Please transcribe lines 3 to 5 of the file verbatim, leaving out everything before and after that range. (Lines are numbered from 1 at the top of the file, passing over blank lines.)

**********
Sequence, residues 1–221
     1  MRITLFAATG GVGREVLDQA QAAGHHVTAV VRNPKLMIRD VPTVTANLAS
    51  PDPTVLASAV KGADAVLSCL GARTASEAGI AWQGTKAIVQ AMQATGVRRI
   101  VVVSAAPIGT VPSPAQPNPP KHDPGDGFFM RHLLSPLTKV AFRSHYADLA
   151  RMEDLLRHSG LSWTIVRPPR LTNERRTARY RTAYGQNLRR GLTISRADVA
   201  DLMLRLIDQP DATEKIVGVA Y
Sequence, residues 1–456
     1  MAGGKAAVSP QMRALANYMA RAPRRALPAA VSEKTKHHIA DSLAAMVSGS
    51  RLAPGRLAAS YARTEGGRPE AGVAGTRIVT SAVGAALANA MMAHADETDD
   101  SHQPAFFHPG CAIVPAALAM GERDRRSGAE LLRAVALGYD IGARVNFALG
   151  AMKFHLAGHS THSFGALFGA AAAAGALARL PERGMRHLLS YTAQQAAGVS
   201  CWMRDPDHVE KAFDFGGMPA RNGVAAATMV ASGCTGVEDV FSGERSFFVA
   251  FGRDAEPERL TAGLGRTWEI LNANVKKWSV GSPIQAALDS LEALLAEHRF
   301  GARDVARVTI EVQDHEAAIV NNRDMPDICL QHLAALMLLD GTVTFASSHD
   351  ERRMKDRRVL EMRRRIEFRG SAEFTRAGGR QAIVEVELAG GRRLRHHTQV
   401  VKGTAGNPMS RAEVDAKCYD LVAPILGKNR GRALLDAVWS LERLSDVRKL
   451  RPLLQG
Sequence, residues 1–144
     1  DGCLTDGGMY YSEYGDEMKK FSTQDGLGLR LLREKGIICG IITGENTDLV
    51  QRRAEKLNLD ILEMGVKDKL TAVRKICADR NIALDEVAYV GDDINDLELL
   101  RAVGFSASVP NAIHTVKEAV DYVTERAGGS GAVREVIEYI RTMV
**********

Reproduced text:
    51  PDPTVLASAV KGADAVLSCL GARTASEAGI AWQGTKAIVQ AMQATGVRRI
   101  VVVSAAPIGT VPSPAQPNPP KHDPGDGFFM RHLLSPLTKV AFRSHYADLA
   151  RMEDLLRHSG LSWTIVRPPR LTNERRTARY RTAYGQNLRR GLTISRADVA